This kind of attribution is referred to as “last click” because the channel providing the last click before purchase gets all the credit. Sometimes, however, you want to know not only which channels are providing the last click, but also which channels are assisting with the ultimate generation of revenue. You need this information to understand the effectiveness of each of your marketing tactics. To get this perspective on your ecommerce strategy, you can use the Multi-Channel Funnel reports.

Open the Assisted Conversions Report (Conversions > Multi-Channel Funnels > Assisted Conversions) and you will see something like this.

 

Google Analytics Assisted Conversions Report

 

The first two columns in this report, Assisted Conversions and Assisted Conversion Value, show the transactions and revenue associated with the channels that visitors used to reach the site before the visit on which they actually made a purchase. The next two columns, Last Click or Direct Conversions and Last Click or Direct Conversion Value, show the transactions and revenue from that channel providing the last click resulting in the purchase.

In this example, you can see 1,360 Paid Search visits assisted in generating $50,898.71 in revenue, whereas 2,212 Paid Search visits resulted in purchases of $83,782.03.

The final column is a ratio of Assisted / Last Click. This metric provides a sense for whether the channel plays a greater role assisting in purchase or generating purchases. A number greater than 1.0 indicates that the channel provides more assists than purchases. As is typical, in this case the Display advertising channel generates more assists than purchases, and its ratio is 2.75.

Revenue by Geography

In addition to looking at what sources contributed to revenue, we want to look at what geographic regions transactions came from. The Location Report (Audience > Geo > Location) can provide a breakdown of ecommerce stats by geography if you select the Ecommerce menu item from the Map Overlay tab.

 

Google Analytics Ecommerce by Geography

 

Now, under Primary Dimension, we can click on City, and then click on the Revenue column to product a table sorted by the highest revenue producing cities.

 

Google Analytics Ecommerce by City

 

Using this report, you can compare how different geographic markets performed in meeting target revenue goals, as well as identify profitable regions where you should focus more on targeting. For example, for this site, we see that New York and Los Angeles have contributed the most revenue, but that San Jose has a much higher Average Order Value. This suggests that a targeted email campaign to Silicon Valley might be a particularly profitable undertaking for this company. Are you selling where you’re most likely to be effective?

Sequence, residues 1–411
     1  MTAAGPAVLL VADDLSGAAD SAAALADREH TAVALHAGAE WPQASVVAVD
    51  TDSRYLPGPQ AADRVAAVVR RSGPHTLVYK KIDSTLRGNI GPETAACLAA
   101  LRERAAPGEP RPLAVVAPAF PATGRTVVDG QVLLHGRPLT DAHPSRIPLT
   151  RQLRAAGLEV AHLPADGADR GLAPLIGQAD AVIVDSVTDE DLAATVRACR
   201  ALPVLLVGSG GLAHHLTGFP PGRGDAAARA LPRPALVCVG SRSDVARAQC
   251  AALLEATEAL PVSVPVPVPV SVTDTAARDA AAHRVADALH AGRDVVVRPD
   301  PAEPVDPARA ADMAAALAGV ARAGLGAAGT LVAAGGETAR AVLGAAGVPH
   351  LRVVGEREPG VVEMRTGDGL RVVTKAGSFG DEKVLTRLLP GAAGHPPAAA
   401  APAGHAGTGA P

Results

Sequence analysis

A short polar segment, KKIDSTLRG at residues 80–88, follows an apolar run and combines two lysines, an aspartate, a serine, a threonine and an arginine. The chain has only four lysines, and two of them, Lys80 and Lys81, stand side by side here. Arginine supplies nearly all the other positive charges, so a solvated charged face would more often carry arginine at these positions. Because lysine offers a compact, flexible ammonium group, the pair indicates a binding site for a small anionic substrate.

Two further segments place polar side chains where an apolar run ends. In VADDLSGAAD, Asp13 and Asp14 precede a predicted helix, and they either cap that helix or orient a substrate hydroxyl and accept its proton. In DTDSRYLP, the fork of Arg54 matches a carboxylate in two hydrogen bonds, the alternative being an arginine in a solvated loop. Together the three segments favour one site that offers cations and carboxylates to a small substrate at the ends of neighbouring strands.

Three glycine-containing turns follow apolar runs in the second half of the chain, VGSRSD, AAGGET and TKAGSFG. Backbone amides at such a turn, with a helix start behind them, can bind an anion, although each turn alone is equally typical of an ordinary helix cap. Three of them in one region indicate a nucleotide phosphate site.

Conclusion

The standard Google Analytics Ecommerce Reports offer a wealth of data and are a great starting point for analyzing the performance of your online store. You can use these reports to identify the highest revenue generating products, find opportunities to upsell additional items and compare the effectiveness of various marketing channels. In addition, you can identify your best performing geographic regions and identify areas where there is opportunity for more revenue.

ALSO IN THIS BLOG

Remember how your mom told you not to stand too close to the television because it might hurt your eyes?
The same rules can apply to data. If you’re too close, you may miss the patterns and trends that are crucial to understanding your website’s performance. You can’t judge a site’s performance looking at data in the bubble of a single day, you must consider any day’s traffic compared to the days before and after.
Google Analytics makes it fairly easy to analyze trends over long periods of time. But it also allows you to stand right in front of that TV, to look at more granular levels of time, right down to the hour.
There’s a better way to get that close to the data, without burning your retinas. We’ll cover how to analyze traffic effectively in today’s post.

 

 

When the client first came to you, you talked up the value of Google Analytics. You emphasized the importance of seeing where your traffic was coming from. You went on and on about how Google Analytics can show traffic sources to pinpoint whether people came from search, social media or a specific site referral, and how valuable this data was. You sold them on it, so much so that your client looked forward to receiving that first report, the magical day when they would finally understand where visitors were coming from.
But then the report came, and it looked like this:

 

 

It showed that 10% of your client’s traffic came from “(direct)/(none)”. What does this label mean? How do you explain Direct traffic to your client? Better yet, how do you explain “none”?
Let’s take a closer look at understanding Direct traffic in Google Analytics and how we can address it with clients.
One of the most exciting and important aspects of digital marketing is the ability to understand exactly how your customers are finding you. It informs every single part of integrated campaigns and helps determine which efforts are working and which ones need to be revisited. Google Analytics allows you to zero in on the performances of different marketing channels to evaluate everything from brand awareness to social media messaging. To get the most insight from that data, it’s crucial to understand exactly how Google sorts your traffic.
Channels in Google Analytics are high-level categories indicating how people found your site. While the Source/Medium report shows you in more detail where people came from, Channels are broader, more “user-friendly” names lumping visits together in buckets useful for high-level reporting categories.
For instance, Facebook Sessions often show up in multiple ways in the Source/Medium report. They may appear as facebook.com, m.facebook.com, and l.facebook.com, all of which are variations of the same source. The Channels report will include all of these in the Social bucket, so you can see less granular, aggregate numbers on social media performance.